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Dog Breed, Weight and Sex May Determine Best Age for Cancer Screening

Four dogs of different breeds sitting next to each other in a wooded area.
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New research using data from over 3,000 dogs has suggested that most dogs should begin cancer screening from age 7, but some dogs, such as large breeds, may benefit from early screening. The study, funded and carried out by the pet liquid biopsy diagnostics company PetDx, is published in the journal PLoS ONE.

Early cancer diagnosis is key

Cancer is the top cause of death among adult dogs. A dog’s chances of developing or dying from cancer vary significantly by its breed – studies suggest that breeds such as Bernese mountain dogs, Irish wolfhounds and flat-coated retrievers have some of the highest rates of death from tumors.

Annual physical checkups and routine blood tests can go some way toward detecting cancers, but often these are not enough to detect the disease early when it is generally at its most treatable.

Less invasive methods for cancer screening, such as liquid biopsies – a technique that looks for tumor markers like cells or DNA in blood samples – have been evolving and developing for use in human patients over the past decade, and the same screening method can also be applied to dogs.

However, no formal guidelines surrounding when this type of cancer screening should be used in dogs currently exist. To tackle this problem, the researchers in the current study investigated the average ages of cancer diagnosis in dogs based on their different characteristics. “Our study provides data to support an evidence-based recommendation for when to start cancer screening in dogs of various breeds and weights,” explained Jill M. Rafalko, lead author of the study and director of scientific communications at PetDx.

Multiple factors at play

The researchers combined data from three cohorts to study a total of 3,452 dogs diagnosed with cancer, grouping them by breed, weight, sex and cancer type.

The analysis showed that the breeds with some of the youngest typical (median) age at cancer diagnosis included mastiffs at five years of age, in addition to Saint Bernards, Great Danes and bulldogs all at six years of age.

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At the other end of the scale, bichon frisés had the oldest median age at 11.5 years, while the combination of “mixed breed” and “other” breed dogs were diagnosed at a median age of 9.5 years. Purebred dogs were, on average, diagnosed at a significantly younger age (8.2 years) compared to the mixed breeds (9.2 years).

The researchers also investigated other factors that could influence the age of dogs’ cancer diagnosis, such as weight, sex and whether they had been neutered. They found that higher weight was linked to younger age at cancer diagnosis, with dogs over 75 kilos diagnosed at a median age of 5 years, compared to a median of 11 years for dogs weighing 2.5–5 kilos.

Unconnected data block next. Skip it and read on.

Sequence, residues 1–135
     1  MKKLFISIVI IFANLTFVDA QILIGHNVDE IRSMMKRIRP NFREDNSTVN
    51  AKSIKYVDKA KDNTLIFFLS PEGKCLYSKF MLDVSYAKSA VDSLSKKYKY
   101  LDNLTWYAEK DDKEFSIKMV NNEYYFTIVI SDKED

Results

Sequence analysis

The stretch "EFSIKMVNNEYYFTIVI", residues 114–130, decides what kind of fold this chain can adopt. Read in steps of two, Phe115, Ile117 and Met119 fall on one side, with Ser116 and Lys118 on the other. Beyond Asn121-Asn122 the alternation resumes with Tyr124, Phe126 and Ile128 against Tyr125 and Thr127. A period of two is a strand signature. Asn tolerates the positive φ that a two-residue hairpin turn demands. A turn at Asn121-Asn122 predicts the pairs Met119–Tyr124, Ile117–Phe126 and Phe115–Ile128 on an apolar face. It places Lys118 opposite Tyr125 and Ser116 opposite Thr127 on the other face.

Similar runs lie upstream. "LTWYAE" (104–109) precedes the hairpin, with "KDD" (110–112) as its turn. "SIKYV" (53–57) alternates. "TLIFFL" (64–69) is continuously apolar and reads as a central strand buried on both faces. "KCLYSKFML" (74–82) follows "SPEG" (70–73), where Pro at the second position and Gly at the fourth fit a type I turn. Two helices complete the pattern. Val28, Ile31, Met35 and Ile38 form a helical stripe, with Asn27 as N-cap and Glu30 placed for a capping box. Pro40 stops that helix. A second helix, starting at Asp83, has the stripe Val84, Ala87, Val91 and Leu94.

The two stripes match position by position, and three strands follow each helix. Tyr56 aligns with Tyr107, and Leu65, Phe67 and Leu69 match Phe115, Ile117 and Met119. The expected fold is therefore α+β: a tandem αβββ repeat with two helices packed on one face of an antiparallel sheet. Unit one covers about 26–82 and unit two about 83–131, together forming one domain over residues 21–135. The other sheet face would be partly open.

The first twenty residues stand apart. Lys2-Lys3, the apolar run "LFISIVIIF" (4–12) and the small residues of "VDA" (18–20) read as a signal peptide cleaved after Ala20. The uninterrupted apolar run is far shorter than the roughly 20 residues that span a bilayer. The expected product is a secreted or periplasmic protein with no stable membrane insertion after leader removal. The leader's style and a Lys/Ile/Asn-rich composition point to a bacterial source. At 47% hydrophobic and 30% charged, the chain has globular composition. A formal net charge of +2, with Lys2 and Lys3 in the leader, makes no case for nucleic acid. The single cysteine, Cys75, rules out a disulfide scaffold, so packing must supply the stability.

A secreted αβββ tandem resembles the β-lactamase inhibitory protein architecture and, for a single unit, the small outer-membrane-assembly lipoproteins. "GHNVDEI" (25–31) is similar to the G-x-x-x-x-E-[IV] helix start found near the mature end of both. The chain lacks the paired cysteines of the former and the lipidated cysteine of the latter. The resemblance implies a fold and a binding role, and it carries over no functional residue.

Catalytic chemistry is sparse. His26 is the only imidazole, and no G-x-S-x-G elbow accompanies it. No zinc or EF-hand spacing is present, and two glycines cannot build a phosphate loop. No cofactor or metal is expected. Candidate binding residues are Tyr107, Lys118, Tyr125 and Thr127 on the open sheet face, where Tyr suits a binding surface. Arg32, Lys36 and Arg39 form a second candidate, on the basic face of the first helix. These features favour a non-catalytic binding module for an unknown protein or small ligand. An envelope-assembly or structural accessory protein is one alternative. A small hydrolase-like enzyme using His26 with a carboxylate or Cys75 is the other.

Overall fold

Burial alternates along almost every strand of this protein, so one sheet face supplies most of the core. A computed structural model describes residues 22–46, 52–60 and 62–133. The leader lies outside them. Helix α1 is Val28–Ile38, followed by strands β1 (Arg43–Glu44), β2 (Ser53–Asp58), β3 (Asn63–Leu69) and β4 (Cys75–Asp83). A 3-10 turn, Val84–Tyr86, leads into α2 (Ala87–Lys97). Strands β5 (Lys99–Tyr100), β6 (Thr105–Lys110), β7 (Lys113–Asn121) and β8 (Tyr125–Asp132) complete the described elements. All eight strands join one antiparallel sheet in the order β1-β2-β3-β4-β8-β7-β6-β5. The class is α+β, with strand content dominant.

Male dogs were diagnosed at an earlier age than females (8.3 years compared to 8.7 years) and neutered animals were diagnosed at an older age than intact ones, for both males and females.

Rafalko added, “With this information, we were able to make evidence-based recommendations about the age to start cancer screening in dogs, and the age to start cancer screening in an individual dog, based on their breed or weight.”

“We know that cancer develops over time, and that cancer screening should begin prior to the age of peak incidence – so it is reasonable to start screening for cancer two years before the typical age at which cancer is diagnosed. In short, this means that all dogs should begin cancer screening at age seven, but some large dogs and dogs belonging to breeds that tend to develop cancer at a younger age may benefit from starting screening as early as age four,” Rafalko summarized.

Improving canine cancer diagnostics?

Overall, findings from the study contribute towards establishing potential guidelines for when to start screening for cancer in dogs and inform how characteristics such as breed and weight can influence the onset of cancer.

Nevertheless, Rafalko also elaborated on some of the limitations of the study: “This was a large study involving over 3,000 dogs with cancer. However, certain breeds such as breeds that are less common in the US were not well represented, limiting our ability to provide a recommended age to start cancer screening for these dogs. We would love to be able to add data to this cohort to help better inform screening recommendations, particularly for these underrepresented breeds.”

Reference: Rafalko JM, Kruglyak KM, McCleary-Wheeler AL, Goyal V, Phelps-Dunn A, Wong LK, et al. Age at cancer diagnosis by breed, weight, sex, and cancer type in a cohort of more than 3,000 dogs: Determining the optimal age to initiate cancer screening in canine patients. PLoS ONE. 2023;18(2):e0280795. doi: 10.1371/journal.pone.0280795

Jill M. Rafalko was speaking to Sarah Whelan, Science Writer for Technology Networks.